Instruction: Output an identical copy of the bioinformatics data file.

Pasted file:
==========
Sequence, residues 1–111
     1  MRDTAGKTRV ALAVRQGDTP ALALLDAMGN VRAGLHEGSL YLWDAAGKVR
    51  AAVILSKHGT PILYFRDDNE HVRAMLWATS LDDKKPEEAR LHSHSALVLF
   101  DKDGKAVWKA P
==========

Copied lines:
Sequence, residues 1–111
     1  MRDTAGKTRV ALAVRQGDTP ALALLDAMGN VRAGLHEGSL YLWDAAGKVR
    51  AAVILSKHGT PILYFRDDNE HVRAMLWATS LDDKKPEEAR LHSHSALVLF
   101  DKDGKAVWKA P